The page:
Veneer that I used, comes on a roll at Home Depot/Menards/Lowes and has iron-on adhesive on the back. I used an iron to “tack” the veneer to each of the stringers, but then went inside and brushed on a coating of epoxy just to make sure the veneer adheres to the stringers! The roll comes 2 inches wide x 8 feet long, and for the Mistral it took 2 rolls. They were on sale at $2.50/roll when I saw them and bought 8 rolls. Normal price is probably around $4.00/roll.

If you build stringers and set them into the shadow templates, you can strip with balsa in the same manner, and you don’t have to taper any of the strips. Just lay them at an angle to the keel between 45 and 60 degrees. If the balsa edges are straight, you can edge glue. Building this way eliminates the ends of the strips that have to be tapered to fit the curve/bend of the previous strip. Just start up near the bow and hold the strip in place at an angle that you like, and where the strip lays flat. Keep in mind, that after you are done, if you want a “bright” (clear) finish, you have to think ahead in which direction you lay up the strips. I think (personal opinion) I like the strips to start near the gunwale and angle back, down and around to the keel. If doing a double cold-mold, remember to reverse your first layer as the second layer will cover the first!

Because you don’t have to steam or heat the strips to bend them to lay flat against the stringers, it is an easy, non-messy process and building time goes quite fast. Also you can glue with out waiting for strips to dry first if they were wet or steamed. That why it is referred to as “COLD” mold. Many, many plywood outboard runabouts were production built this way during the early to mid 1950’s. If you want to get real fancy, you can special order custom veneer made from exotic wood species.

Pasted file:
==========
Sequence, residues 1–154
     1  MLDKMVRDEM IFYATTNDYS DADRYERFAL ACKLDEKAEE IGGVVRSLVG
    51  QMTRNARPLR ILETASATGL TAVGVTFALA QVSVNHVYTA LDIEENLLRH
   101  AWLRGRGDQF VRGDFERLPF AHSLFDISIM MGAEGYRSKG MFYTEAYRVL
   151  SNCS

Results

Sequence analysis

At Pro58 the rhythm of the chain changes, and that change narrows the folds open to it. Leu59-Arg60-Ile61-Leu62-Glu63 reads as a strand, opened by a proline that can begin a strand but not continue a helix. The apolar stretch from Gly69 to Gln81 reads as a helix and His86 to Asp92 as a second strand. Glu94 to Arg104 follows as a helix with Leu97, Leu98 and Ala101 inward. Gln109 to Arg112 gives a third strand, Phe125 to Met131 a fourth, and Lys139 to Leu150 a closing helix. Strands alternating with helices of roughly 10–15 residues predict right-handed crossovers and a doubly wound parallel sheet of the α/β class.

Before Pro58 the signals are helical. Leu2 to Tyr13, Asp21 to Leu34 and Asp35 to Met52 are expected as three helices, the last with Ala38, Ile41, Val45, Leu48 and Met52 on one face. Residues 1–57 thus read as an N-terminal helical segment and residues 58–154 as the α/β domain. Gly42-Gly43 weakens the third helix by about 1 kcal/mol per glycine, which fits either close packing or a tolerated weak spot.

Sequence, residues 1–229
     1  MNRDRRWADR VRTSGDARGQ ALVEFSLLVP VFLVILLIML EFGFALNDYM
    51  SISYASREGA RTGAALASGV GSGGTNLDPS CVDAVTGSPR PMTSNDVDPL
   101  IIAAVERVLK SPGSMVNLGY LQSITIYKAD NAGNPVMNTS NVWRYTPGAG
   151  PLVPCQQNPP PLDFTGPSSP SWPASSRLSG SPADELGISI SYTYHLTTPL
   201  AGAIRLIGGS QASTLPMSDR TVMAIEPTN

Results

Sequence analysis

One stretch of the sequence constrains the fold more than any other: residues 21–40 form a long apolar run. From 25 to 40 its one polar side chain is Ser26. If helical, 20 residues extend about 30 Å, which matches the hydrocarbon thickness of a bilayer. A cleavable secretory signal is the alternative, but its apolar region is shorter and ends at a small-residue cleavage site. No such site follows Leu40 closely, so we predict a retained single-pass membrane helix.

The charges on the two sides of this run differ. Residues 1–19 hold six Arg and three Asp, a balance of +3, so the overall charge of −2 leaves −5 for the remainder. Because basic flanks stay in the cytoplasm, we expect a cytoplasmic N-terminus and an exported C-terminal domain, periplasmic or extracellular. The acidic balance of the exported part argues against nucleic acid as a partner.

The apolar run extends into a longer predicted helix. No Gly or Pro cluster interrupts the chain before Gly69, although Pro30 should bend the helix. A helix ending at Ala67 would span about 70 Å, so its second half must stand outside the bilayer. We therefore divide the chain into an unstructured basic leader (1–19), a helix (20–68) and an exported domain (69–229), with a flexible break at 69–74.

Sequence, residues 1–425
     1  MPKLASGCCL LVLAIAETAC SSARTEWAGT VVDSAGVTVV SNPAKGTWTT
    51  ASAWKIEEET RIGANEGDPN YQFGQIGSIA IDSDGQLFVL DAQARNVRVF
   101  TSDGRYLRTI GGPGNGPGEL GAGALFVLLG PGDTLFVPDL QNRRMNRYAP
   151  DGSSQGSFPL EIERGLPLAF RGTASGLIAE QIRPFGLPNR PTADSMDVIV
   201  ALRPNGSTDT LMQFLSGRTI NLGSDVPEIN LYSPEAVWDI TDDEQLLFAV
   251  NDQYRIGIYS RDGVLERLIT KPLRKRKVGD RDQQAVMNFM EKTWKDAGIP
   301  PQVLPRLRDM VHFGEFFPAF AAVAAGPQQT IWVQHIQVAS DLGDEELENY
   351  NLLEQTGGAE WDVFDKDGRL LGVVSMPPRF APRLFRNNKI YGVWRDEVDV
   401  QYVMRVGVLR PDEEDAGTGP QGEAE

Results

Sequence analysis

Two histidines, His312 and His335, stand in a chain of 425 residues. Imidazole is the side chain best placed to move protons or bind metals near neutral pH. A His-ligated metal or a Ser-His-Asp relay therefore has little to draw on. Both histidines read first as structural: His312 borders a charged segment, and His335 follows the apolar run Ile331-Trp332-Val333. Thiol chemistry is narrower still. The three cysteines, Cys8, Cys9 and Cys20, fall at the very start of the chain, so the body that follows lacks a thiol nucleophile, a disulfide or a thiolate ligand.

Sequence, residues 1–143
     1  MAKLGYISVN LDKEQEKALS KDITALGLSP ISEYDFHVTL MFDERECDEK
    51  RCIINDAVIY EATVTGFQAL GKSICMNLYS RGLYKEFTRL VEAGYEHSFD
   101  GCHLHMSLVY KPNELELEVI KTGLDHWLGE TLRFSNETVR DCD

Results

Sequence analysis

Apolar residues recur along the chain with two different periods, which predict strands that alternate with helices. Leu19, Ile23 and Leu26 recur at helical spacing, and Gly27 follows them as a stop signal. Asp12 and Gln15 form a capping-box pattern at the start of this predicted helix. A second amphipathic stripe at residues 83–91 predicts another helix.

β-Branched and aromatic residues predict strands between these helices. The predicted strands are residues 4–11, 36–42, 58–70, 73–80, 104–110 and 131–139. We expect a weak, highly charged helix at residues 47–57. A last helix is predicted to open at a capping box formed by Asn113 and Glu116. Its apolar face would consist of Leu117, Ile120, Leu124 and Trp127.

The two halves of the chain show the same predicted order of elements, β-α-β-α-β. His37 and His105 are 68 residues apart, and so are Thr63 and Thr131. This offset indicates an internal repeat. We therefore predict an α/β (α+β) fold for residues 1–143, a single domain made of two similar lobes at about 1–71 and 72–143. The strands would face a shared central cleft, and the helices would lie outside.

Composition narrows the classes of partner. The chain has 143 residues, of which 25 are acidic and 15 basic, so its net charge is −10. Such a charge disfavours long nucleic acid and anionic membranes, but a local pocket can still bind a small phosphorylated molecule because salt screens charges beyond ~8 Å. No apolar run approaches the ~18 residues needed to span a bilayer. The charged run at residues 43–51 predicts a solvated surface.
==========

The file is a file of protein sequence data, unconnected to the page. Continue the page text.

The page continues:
I have a piece of “bananna wood” veneer that I bought for a deck of a 1 Meter. Didn’t use it all, so have a bunch left that I keep eyeing. It is 12 inches wide x 8 feet long originally, so I can experiment with just how wide of strips I can layup on this little hull. Just think, if you can layup (on the diagonal) a piece of veneer that is 5 inches wide by 6 inches long you have just covered 30 sq. inches of hull surface with a single piece of veneer. Mighty fast build - compared to 1//4 inch wide or smaller strips. Only a layer of fiberglass is faster.

dick how is it for weight? I have always wondered how much a venered hull would weigh.



Now I have to dig it out and take it into work and weight it on the scales and then post the weight (&@&$@^$@^#%$#^$%@!

Anything to keep me busy- right ?

Dan - actually a hell of a good question. Never weighed the thing yet - so will see what she runs on our electronic mail scale at work. Have to go in anyway to enlarge some line drawings, so will take it a long. Will post later.

Hey - weren’t you building a “stripper” some time ago? How did it turn out?


all I can say is WOW I like the looks of the veneer!!!

I take the strips are butt joined, so do you glue the butts? Or is the epoxy coating on the inside good enough.


Forgot to as you or anyone else where can I get the lines for the Mistral or other US1M. looking for full scale. Or how do I tell if the web based lines are correct in printing I did dl the lines for the Magic but cannot tell if the shadow forms are correct in size



Jeff -

the small voids between the strips are of insignificant concern. When overlaying the exterior of the hull with epoxy/glass, all of them should end up filled or sealed. Once the exterior glass has cured, you can always use some epoxy that is thickened with fumed silica or microballoons to add to the inside seams. Using a wide tongue depresser that has been sanded flat on one end, just scrape the epoxy over the seams and the epoxy will fill any voids. The glass on the outside of the hull will prevent and drips or runs, and will prevent the epoxy from squeezing through the void.